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    Default Re: WNIT picks 40 Teams this year

    What is the RPI?

    The RPI (Rating Percentage Index) is a measure of strength of schedule and how a team does against that schedule. It does not consider things like margin of victory, only whether or not a team won and where the game was played. It is used by the NCAA as one of their factors in deciding which teams to invite to the NCAA tournament and where to seed them.
    It was created in 1981 and is maintained by the NCAA Division I Men's Basketball Committee. They have always placed a premium on schedule strength when selecting teams for the tournament, so they wanted a relatively simple way to measure that and the RPI was born. This page presents an independent duplication of those ratings.

    Just how important is the RPI?

    As far as getting into the tournament, it appears to be more important to bubble teams than the top powers. It is also important in the seeding process. Click here for an excerpt from an article in the Feb. 8, 1995 edition of The NCAA News where Kansas AD and former NCAA Division I Men's Basketball Committee Chairman Bob Frederick addresses this question.

    What is the formula?

    The basic formula is 25% team winning percentage (WP), 50% opponents' average winning percentage (OWP), and 25% opponents' opponents' average winning percentage (OOWP).
    For the 2004-05 season, the formula was changed to give more weight to road wins vs home wins. A team's win total for RPI purposes is 1.4 * road wins + neutral site wins + 0.6 * home wins. A team's losses is calculated as 0.6 * road losses + neutral site losses + 1.4 * home losses.
    For example, a team that is 4-0 at home and 2-7 on the road has a RPI record of 5.2 wins (1.4 * 2 + 0.6 * 4) and 4.2 losses (0.6 * 7). That means that even though it is 6-7, for RPI purposes, it is above .500 (5.2-4.2).
    This "weighted" record is only used for the 25% of the formula that is each team's winning percentage. The regular team records are used to calculate OWP and OOWP.
    As always, only games against Division I opponents count in the RPI.


    Do you adjust the OWP to account for the fact that they have played the team in question?

    Yes. Games against the team in question are ignored.
    Does the NCAA make these adjustments too?
    Yes.

    In the OWP, do you include the records of teams scheduled in the future?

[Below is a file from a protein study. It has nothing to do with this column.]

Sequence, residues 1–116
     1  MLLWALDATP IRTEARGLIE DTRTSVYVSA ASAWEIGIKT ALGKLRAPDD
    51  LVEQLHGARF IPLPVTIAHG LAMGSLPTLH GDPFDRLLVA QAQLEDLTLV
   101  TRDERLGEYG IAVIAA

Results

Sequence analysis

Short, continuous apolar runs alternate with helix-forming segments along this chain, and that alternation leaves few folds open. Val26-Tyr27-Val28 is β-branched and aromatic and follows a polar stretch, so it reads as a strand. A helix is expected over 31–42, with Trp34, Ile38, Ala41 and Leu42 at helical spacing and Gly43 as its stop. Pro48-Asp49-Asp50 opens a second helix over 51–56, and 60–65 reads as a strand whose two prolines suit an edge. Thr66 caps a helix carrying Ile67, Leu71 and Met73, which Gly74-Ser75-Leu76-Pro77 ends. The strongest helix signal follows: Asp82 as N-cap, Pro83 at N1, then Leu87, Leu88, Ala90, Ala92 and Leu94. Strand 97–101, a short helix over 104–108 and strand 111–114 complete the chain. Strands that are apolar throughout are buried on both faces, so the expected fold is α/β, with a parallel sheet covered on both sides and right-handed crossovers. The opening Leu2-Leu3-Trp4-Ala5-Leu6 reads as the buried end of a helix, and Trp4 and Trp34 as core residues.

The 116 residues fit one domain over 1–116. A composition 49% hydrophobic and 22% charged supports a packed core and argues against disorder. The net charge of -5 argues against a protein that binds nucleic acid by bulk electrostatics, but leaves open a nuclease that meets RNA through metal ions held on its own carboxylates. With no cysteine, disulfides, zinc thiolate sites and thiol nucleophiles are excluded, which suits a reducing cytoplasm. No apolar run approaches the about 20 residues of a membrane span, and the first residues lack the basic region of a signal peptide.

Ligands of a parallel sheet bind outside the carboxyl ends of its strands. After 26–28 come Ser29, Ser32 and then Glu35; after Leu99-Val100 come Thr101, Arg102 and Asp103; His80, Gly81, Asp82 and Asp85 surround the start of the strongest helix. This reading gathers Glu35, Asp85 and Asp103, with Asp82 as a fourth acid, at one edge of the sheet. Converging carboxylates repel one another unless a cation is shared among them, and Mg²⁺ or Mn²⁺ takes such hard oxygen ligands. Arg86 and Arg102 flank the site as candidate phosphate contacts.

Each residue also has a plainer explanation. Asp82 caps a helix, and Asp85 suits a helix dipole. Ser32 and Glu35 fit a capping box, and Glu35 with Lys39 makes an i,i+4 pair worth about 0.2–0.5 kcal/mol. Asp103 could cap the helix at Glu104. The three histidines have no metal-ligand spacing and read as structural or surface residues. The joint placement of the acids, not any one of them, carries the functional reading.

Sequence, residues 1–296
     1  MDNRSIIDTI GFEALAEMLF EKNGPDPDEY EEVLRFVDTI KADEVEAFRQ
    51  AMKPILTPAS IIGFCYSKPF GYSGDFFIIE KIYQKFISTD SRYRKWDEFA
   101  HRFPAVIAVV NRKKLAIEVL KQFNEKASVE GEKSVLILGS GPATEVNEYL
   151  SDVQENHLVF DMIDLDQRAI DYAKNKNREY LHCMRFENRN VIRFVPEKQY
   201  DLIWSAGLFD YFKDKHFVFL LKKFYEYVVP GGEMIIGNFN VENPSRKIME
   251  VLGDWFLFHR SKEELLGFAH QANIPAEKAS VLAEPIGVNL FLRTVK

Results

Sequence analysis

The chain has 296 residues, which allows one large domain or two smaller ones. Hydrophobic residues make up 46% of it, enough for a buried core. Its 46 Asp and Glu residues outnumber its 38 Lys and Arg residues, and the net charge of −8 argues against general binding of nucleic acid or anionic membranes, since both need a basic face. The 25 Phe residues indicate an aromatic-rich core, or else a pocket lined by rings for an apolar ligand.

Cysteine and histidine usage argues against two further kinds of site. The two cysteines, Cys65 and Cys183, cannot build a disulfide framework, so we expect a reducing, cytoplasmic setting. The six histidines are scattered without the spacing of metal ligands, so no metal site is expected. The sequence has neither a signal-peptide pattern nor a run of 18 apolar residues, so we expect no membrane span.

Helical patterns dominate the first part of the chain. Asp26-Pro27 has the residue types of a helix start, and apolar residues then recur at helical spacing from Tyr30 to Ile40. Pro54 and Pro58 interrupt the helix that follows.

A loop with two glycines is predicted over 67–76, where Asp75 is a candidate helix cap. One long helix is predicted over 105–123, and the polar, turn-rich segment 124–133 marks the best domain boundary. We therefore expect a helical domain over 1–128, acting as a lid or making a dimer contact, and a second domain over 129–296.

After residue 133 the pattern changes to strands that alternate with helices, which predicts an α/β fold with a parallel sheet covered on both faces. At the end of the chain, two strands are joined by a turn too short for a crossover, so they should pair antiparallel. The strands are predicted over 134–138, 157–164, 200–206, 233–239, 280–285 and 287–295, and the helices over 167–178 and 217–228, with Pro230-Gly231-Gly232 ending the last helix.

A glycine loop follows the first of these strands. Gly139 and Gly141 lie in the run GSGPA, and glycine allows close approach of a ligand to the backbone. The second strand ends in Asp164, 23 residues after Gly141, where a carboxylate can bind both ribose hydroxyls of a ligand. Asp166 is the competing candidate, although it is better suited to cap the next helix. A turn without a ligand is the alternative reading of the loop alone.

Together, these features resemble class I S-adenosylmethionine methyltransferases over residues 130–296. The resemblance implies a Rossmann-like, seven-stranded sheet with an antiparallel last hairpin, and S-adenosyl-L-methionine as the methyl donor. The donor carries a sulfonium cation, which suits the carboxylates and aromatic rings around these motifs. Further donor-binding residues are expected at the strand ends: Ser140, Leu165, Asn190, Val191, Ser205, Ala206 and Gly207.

No. A team's is included as an opponent in the calculations only after the game is played. This is because a team's entire schedule is not usually known, mostly due to games added because of in-season and conference tournaments. Also, sometimes games get cancelled.

    Do you use the record of an opponent at the time the game is played or at the time the RPI is calculated?

    The RPI is always calculated based on current records, not date-of-game records.

    If a team plays somebody more than once, is their winning percentage included more than once?

    Yes. Once for each time a team plays that opponent. And all games against the team in question are removed from each occurrence of that opponent's record when calculating OWP.

    What about the NCAA's secret adjustments?

    The secret adjustments no longer exist under the new formula.

    How do you figure a conference's RPI?

    It's simply the average of the RPIs of the teams in the conference. The NCAA does this both ways: with and without conference games. I provide both numbers as well, but rank them by non-conference. I feel that conference games are like a team playing itself, so they shouldn't count. It should be noted that this data is among the least relevant in the selection process.
    How do you figure the Strength of Schedule?
    It's 2/3 opponents' winning percentage and 1/3 opponents' opponents' winning percentage, the same ratio as in the RPI formula.

  6. #6
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    Default Re: WNIT picks 40 Teams this year

    Why do the rankings seem so weird early in the season?

    The RPI is primarily a measurement of strength of schedule and how the team did against that schedule and each season stands on its own. There are no preseason expectations - everyone starts at zero. Consequently, the numbers can really skewed early in the season because teams have played so few games. For example, a team can be 2-0, but its opponents haven't played anyone else yet, so its strength of schedule is 0. That's 75% of the formula, so the team won't be rated very highly. The data starts to take shape and look reasonable as conference play gets into full swing around the end of December. And the more games played, the better the data gets.

    Why is my team's record wrong?

    The RPI is calculated using games between full-fledged Division I (D-I) opponents only. All 330 full-fledged D-I teams are listed in the rankings. If a school plays a team not listed in the rankings, that game doesn't count and won't be reflected in the records.
    Why isn't your team name here listed in the RPI?